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Senators introduce act to move critical PPE production to U.S.

Posted July 23, 2020

 

WASHINGTON, D.C. – Senators Lindsey Graham (R-S.C.), Shelley Moore Capito (R-W.V.), and Mike Rounds (R-S.D.) on July 22 introduced the U.S. MADE Act of 2020 to decrease U.S. dependence on countries such as China for critical Personal Protective Equipment (PPE) for our health care providers.

 

The senators noted that given the uncertainty over future market conditions, American companies have been reluctant to make long-term investments in domestic PPE production. With the spread of coronavirus, the inability of the United States to be self-sufficient with our supply of PPE has shown itself to be a national security issue. Just as the United States does not rely on China to supply military uniforms or equipment, we must not rely on them to supply critical PPE.

 

Items declared national priorities by the U.S. MADE Act include:

 

  • Testing swabs

  • Surgical and respirator masks

  • Face shields

  • Surgical and isolation gowns

  • Sanitizing and disinfecting wipes

  • Gauzes and bandages

  • Privacy curtains, beds, and bedding

 

The U.S. MADE Act of 2020 is modeled after the Berry Amendment and outlines PPE acquisition requirements for the Strategic National Stockpile. The legislation also establishes an investment credit for qualifying PPE manufacturing projects. Modeled after the 48C Advanced Manufacturing Tax Credit, eligible U.S. manufacturers will receive a thirty percent credit against equipment costs associated with PPE manufacturing.

 

“Coronavirus has been a painful wake-up call that we are too reliant on nations like China for critical medical supplies,” said Senator Graham. “Without changes, China remains set to dominate the PPE market for years to come. We have seen firsthand the problems not having a reliable source of PPE places on our health care system. It is my hope that we include this legislation in any additional Phase IV relief package. The Chinese grip on this critical supply chain must come to an end and this legislation accomplishes that goal. I’m going to do everything I can to make sure that South Carolina leads the way when it comes to getting the medical supply chain out of China.”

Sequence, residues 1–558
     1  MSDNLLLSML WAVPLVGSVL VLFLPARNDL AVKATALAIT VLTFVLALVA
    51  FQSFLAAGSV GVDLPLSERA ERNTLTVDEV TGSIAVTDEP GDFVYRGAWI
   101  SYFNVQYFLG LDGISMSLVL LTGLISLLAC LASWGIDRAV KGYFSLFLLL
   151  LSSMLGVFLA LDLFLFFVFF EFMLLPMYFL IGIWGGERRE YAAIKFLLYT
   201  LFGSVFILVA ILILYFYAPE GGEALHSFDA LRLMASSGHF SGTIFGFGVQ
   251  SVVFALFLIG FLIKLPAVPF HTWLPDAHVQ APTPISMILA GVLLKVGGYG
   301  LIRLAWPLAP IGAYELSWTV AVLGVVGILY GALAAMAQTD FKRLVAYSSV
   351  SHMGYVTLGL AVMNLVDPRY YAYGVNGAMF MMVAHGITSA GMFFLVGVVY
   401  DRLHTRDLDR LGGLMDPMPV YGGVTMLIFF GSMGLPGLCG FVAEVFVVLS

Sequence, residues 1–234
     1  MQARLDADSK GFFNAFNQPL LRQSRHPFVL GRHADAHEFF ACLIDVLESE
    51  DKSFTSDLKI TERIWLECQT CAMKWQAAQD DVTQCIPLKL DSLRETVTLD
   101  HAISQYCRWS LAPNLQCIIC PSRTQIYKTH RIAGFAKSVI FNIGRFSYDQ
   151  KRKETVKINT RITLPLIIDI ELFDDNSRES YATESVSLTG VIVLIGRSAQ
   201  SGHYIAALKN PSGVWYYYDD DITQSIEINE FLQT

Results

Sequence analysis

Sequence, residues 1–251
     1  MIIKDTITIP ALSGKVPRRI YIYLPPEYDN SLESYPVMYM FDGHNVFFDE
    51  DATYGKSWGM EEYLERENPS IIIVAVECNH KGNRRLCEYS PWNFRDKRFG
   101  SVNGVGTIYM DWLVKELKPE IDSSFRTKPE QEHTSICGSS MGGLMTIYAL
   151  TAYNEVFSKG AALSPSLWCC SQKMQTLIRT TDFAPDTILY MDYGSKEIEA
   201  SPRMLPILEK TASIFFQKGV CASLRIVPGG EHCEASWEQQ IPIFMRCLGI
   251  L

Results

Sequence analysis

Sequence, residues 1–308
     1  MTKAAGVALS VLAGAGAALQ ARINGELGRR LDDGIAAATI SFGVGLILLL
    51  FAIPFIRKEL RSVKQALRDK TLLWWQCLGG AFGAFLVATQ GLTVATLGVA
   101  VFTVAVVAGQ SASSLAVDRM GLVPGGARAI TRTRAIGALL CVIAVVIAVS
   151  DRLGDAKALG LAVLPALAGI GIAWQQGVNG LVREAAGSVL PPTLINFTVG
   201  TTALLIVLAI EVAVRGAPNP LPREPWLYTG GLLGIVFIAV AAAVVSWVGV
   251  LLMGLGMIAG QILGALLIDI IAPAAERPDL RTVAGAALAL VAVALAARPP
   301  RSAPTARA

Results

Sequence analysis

“One of our biggest takeaways from coronavirus is that we really need to reassess our medical supply chain. It’s so important that we take every opportunity to buy American made products and support American business,” said Senator Capito. “We must do all we can to encourage economic development in our country and give our businesses the resources they need to make it through this difficult time, which is why this legislation is so critical. I am proud to join my colleagues in introducing the U.S. MADE Act of 2020, which prioritizes American manufacturing and supports our workforce. This legislation makes critical changes that will lessen our dependence on other countries like China when it comes to manufacturing testing agents and PPE materials so we can deliver resources quickly and efficiently, while also supporting our own economy.”

 

“It has become clear that the U.S. cannot and should not rely on our adversaries like China to supply critical medical equipment such as PPE,” said Senator Rounds. “With COVID-19 continuing to put a strain on our hospitals and clinics, access to PPE – especially for medical staff – is incredibly important. Our legislation seeks to provide opportunities for American businesses to make PPE materials here at home so we can stop relying on China for masks, shields and respirators.”

 

Earlier this week, an industry coalition representing the full spectrum of domestic personal protective equipment (PPE) production released a statement outlining policy principles and objectives needed for reshoring and safeguarding domestic PPE manufacturing. A copy of their joint statement in support of reshoring and safeguarding the domestic production of PPE is available here.

 

Source: The Office of Sen. Lindsey Graham

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